National security involved

Corruption and the lack of advanced technology became a perfect mix for the easy entry of illegal shipments, including narcotics.

The introduction of an automated tracking system in the Bureau of Customs and local ports has become a matter of the highest concern due to the persistent attempts of drug syndicates to pierce through the country’s borders.

As a result of the sustained campaign against narcotics since the term of former President Rodrigo Duterte, nearly all of the illegal substances sold in the country are shipped from abroad.

One of the landmark cases in the war on drugs in the previous administration happened in 2017 when the Bureau of Customs sought the assistance of the National Bureau of Investigation to probe the contents of five metal cylinders from China that were found to contain over 600 kilograms of shabu.

The use of metal cylinders to slip in over 600 kilos of shabu became known through information provided by Chinese authorities.

Among the findings from the probe was that the deeply-rooted and pervasive tara system that drug traffickers exploit to smuggle in illicit drugs and other products was behind the resistance to modernizing the system for one that would restrict human contact.

In a Senate Blue Ribbon Committee hearing held on the controversy, it was revealed that through the tara system, customs officials were paid grease money for the release of importations as a matter of practice in local ports.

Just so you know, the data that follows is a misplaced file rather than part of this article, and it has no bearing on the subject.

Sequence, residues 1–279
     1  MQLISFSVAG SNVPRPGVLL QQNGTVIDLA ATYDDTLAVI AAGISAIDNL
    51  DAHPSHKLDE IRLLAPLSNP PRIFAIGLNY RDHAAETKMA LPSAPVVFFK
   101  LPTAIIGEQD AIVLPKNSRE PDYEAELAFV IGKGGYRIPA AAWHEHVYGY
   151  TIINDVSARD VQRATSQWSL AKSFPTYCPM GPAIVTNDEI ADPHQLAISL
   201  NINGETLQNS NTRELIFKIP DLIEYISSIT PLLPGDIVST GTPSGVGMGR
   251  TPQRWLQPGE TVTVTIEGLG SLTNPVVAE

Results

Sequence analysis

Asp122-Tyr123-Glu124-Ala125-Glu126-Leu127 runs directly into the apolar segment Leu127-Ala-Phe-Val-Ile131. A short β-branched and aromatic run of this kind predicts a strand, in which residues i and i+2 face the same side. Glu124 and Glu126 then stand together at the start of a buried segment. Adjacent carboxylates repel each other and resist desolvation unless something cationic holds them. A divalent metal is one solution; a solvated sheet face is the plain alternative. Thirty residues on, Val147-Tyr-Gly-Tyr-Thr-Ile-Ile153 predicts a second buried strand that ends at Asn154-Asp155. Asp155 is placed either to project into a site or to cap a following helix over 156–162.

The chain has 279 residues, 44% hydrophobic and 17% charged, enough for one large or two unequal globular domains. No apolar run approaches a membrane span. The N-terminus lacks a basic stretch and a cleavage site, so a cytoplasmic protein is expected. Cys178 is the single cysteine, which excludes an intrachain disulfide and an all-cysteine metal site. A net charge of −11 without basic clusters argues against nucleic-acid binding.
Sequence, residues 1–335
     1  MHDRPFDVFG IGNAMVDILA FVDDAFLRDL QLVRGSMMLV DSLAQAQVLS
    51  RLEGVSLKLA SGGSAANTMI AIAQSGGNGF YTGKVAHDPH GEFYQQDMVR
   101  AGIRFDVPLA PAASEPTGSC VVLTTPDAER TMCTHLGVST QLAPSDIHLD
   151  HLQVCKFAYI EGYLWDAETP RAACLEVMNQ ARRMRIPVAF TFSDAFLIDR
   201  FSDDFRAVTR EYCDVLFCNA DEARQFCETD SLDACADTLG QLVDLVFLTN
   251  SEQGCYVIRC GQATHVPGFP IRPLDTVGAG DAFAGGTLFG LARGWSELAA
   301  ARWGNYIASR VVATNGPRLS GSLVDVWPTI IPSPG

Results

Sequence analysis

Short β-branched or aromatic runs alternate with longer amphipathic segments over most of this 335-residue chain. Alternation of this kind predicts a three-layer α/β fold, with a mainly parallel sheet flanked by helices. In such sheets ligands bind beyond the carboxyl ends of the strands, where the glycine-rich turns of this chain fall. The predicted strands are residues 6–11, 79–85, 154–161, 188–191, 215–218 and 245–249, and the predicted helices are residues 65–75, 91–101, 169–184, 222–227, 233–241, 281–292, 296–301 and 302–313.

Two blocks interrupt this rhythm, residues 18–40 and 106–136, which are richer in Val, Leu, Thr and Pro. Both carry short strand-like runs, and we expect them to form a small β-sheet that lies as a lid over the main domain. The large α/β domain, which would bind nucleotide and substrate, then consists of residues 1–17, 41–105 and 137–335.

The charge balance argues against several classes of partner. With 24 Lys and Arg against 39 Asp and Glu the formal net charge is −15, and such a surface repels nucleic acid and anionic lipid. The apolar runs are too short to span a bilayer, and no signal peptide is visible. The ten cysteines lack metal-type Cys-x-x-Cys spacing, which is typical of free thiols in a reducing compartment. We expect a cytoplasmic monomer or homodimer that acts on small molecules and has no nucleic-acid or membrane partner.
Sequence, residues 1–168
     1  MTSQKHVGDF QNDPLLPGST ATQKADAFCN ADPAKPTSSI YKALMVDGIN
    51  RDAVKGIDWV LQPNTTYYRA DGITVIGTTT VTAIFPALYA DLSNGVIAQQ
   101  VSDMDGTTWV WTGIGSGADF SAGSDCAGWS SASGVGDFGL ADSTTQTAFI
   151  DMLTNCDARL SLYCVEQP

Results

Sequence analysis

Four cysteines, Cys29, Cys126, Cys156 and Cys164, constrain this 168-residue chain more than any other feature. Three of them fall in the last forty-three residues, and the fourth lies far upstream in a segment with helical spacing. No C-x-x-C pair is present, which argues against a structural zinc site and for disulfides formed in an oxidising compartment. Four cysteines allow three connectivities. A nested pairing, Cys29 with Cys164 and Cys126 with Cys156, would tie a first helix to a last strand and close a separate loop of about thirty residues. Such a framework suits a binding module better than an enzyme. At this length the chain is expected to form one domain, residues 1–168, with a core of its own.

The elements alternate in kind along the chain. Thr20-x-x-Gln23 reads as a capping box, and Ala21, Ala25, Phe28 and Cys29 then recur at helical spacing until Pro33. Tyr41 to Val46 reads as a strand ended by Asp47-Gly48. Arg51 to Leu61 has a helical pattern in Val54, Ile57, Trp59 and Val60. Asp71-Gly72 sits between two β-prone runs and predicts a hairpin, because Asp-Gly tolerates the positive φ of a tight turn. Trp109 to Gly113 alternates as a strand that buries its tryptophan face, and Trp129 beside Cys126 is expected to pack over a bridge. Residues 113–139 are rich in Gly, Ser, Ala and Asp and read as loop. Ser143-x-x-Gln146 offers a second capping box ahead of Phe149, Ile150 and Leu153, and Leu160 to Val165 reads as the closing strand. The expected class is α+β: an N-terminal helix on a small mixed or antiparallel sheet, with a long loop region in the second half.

The Trusted Operator Program–Container Registry Monitoring System or TOP-CRMS and Empty Container Storage Shared Service facility were recently presented to President Ferdinand “Bongbong” Marcos Jr. in a Private Sector Advisory Council meeting where Marcos expressed his frustration over the current Customs system that is “not working” to stop smuggling.

The automated system would limit interaction between Customs personnel and traders once it is implemented.

Under the tara system, according to the Senate resource person from the private sector, BoC insiders provide the syndicates with codes and other ways their shipments may get clearance.

Traffickers would only need to pay the tax on the goods where the narcotics are stashed and the shipment is released without inspection.

Discretion is thus given almost entirely to the inspectors despite there being established procedures.

In the NBI investigation conducted into BoC operations from 31 March 2017 to 29 May 2017, out of 664 shipments of the trader invited in the Senate probe, 532 were cleared without inspection, 123 were given a yellow tag and only nine underwent the usual checks.

Cargo given the yellow tag was subjected to only a documentary check.

The consignee used by the trader was also a new importer and a sole proprietor, which should have been subjected to full inspection as a high-risk player.

Bringing in illicit drugs in large volumes through the ports has become an easier and perhaps cheaper mode for drug traffickers, which was one of the findings in the Senate probe.

Corruption and the lack of advanced technology became a perfect mix for the easy entry of illegal shipments, including narcotics.

Recently, the volume of illegal drugs being intercepted at the country’s ports has been rising which means that smuggling through the ports is again a preferred way of entry.

Marcos in emphasizing the need to digitalize showed his appreciation of the problem.

His marching orders must be carried out to the hilt since the national interest, as a result of the renewed vigor of drug syndicates, is at stake.

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